The Kirkman Medal recognizes outstanding work by ICA members in their early research careers; it is not an award for an excellent PhD thesis. At most 3 Kirkman medals per year may be given. Recipients must have received their doctorates during [the four years prior to the award]. Nominations should be made by two Fellows of the ICA, and should be accompanied by a curriculum vitae and a letter explaining the importance of the nominee's research.

R. Craigen (University of Lethbridge, Lethbridge Alberta)
J. Jedwab (HewlettPackard, Bristol England) 

Darryn Bryant 

Greg Gudin
Patric Ostergard 

Makoto Mtsumoto
Bernhard Schmidt 

Peter Adams
Cai Heng Li 

Nicholas Hamilton
Qing Xiang 

Michael Raines (Western Michigan University, Kalamazoo) 

Matthew Brown (University of Adelaide, Australia; Ghent
University,
Belgium)
Alan Chi Hung Ling (University of Waterloo?) Ying Miao (Concordia University) 







My apologies for incomplete information about some recipients. I hope to complete this page with the full citation for each recipient and links to personal pages  alas, when there is time...For now the citations for Jonathan and me will have to suffice.
Robert Craigen has developed a very original method of composing matrices that he calls the "weaving method" and has used this method in the construction of Hadamard and weighing matrices. In the century since Hadamard's original conjecture concerning Hadamard matrices, there have been only two major advances in knowledge of the general existence of these matrices. The first was the Seberry theorem (1976); the second is a result of Craigen's that is even stronger than the Seberry result.
Craigen has also developed the theory of signed groups and has used it to give Hadamard matrices with cocyclic development; he has also used the representation theory of signed groups to find new nonexistence results for weighing matrices. His work on complex Golay sequences, as well as his work on multiplciation of an arbitrary number of sequences with zero autocorrelation, has led to the construction of new Hadamard matrices.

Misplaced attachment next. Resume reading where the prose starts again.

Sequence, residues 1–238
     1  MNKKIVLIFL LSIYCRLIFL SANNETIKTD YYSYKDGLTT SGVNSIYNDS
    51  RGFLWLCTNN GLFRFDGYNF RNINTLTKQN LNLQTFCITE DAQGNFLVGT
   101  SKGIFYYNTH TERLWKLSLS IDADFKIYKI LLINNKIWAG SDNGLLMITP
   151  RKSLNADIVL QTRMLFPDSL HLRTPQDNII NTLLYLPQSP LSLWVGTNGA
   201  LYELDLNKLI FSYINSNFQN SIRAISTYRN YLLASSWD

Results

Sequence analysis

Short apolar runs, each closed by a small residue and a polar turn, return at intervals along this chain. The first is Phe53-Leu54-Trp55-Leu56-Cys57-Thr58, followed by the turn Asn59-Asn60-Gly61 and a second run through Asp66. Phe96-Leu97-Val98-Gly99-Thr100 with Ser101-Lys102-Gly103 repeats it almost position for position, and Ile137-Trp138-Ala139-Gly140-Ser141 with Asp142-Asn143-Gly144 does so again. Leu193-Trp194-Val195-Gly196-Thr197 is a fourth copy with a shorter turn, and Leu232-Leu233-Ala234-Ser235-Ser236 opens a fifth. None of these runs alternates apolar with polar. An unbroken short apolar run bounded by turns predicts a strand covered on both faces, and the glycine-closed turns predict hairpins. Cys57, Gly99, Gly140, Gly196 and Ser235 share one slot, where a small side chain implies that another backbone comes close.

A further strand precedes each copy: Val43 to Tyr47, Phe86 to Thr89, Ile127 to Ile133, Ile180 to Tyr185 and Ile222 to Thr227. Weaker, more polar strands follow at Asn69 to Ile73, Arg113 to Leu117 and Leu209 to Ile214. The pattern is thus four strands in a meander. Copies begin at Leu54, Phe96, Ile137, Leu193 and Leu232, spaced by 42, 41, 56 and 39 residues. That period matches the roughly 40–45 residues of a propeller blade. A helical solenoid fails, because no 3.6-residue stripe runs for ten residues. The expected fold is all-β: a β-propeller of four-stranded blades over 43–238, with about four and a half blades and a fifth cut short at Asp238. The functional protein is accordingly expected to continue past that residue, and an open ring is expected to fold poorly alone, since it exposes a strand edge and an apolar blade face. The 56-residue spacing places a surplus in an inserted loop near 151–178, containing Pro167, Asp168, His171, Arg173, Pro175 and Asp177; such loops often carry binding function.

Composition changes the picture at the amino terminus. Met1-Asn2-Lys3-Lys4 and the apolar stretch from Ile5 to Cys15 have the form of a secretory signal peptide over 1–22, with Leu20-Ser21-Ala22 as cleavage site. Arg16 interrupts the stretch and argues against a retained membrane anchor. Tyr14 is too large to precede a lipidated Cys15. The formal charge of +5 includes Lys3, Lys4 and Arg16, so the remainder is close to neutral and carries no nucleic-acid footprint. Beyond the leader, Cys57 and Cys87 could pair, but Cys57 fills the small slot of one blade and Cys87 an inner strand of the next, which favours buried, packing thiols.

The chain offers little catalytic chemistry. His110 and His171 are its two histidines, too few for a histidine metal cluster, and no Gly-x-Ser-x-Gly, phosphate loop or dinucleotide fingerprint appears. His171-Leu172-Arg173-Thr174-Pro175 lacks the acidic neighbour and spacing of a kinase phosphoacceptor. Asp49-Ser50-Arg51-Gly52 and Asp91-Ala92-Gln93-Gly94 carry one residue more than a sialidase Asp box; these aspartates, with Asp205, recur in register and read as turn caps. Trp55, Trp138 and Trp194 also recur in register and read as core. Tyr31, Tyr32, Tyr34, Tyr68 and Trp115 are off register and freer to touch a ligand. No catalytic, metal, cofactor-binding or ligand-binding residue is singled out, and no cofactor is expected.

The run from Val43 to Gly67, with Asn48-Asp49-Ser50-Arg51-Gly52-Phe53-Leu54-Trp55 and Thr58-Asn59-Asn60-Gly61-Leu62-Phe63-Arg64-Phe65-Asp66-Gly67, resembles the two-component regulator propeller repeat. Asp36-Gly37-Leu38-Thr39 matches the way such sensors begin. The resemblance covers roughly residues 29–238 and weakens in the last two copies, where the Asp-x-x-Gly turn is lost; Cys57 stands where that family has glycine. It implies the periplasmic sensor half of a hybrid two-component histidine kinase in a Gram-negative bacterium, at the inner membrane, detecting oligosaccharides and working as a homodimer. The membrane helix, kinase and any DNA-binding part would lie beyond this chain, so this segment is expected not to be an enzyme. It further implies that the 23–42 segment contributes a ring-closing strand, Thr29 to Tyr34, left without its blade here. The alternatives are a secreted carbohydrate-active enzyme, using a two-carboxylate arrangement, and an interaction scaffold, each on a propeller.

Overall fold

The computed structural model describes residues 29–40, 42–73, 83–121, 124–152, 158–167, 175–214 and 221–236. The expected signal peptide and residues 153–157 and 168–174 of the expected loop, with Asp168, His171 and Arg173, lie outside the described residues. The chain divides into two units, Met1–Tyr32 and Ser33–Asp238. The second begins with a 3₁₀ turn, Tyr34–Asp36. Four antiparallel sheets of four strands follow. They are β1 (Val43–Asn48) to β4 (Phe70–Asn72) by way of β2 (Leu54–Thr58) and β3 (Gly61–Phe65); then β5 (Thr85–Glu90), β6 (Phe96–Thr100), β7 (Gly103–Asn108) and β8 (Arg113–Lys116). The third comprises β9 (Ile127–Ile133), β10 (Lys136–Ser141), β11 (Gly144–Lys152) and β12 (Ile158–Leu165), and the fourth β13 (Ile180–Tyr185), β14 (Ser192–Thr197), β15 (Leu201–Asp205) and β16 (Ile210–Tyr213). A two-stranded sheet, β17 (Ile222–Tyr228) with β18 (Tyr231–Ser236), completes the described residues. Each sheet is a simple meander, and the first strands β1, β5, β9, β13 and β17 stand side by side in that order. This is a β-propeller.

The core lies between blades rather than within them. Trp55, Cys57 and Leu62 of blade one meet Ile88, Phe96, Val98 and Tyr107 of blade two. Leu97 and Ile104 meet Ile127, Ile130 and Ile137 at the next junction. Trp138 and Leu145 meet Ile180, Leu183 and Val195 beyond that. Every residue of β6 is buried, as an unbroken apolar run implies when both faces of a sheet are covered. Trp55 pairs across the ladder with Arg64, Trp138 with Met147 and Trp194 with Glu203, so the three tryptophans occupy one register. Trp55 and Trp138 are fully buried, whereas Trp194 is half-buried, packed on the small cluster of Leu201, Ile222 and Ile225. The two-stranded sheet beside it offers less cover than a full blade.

Robert Craigen is recognized as a leading expert in matrix
composition,
the theory of signed groups, and the study of
(0,1)determinants.
He has been invited to write three sections in the forthcoming
CRC Handbook
of Combinatorial Designs; this is a recognition of both his
research achievements
and his skill in lucid exposition.
Despite the fact that he is working outside academia, Jonathan has made fundamental contributions to the theory of difference sets and perfect binary arrays. He has made extraordinary progress in using diverse mathematical areas to contribute to the theory of difference sets. One expert labelled his construction that showed that every abelian 2group of order 2^{2a+2} and exponent less than 2^{a+3} has a difference set as "the only completely satisfactory result in the theory of difference sets." Among other important results which he discovered, or in which he played a major role are: the nonexistence result establishing that the exponent of the group is not a necessary and sufficient condition for the existence of a difference set; characterization of groups that can contain a McFarland difference set; a structure theorem that determines precisely what Hadamard difference sets must look like for primes other than 2 or 3. Recently he has discovered a new family of parameters that have difference sets; this is the first new parameter family containing difference sets that has been found in 20 years; it includes as subfamilies almost all known families of difference sets, and it yields an infinite family of new groups that contain a McFarland difference set. This major breakthrough will have an important unifying effect in the study of difference sets.
Jonathan Jedwab has made substantial contributions in both
practical
research and theoretical combinatorics; he is already recognized
as a leading
expert in the theory of difference sets.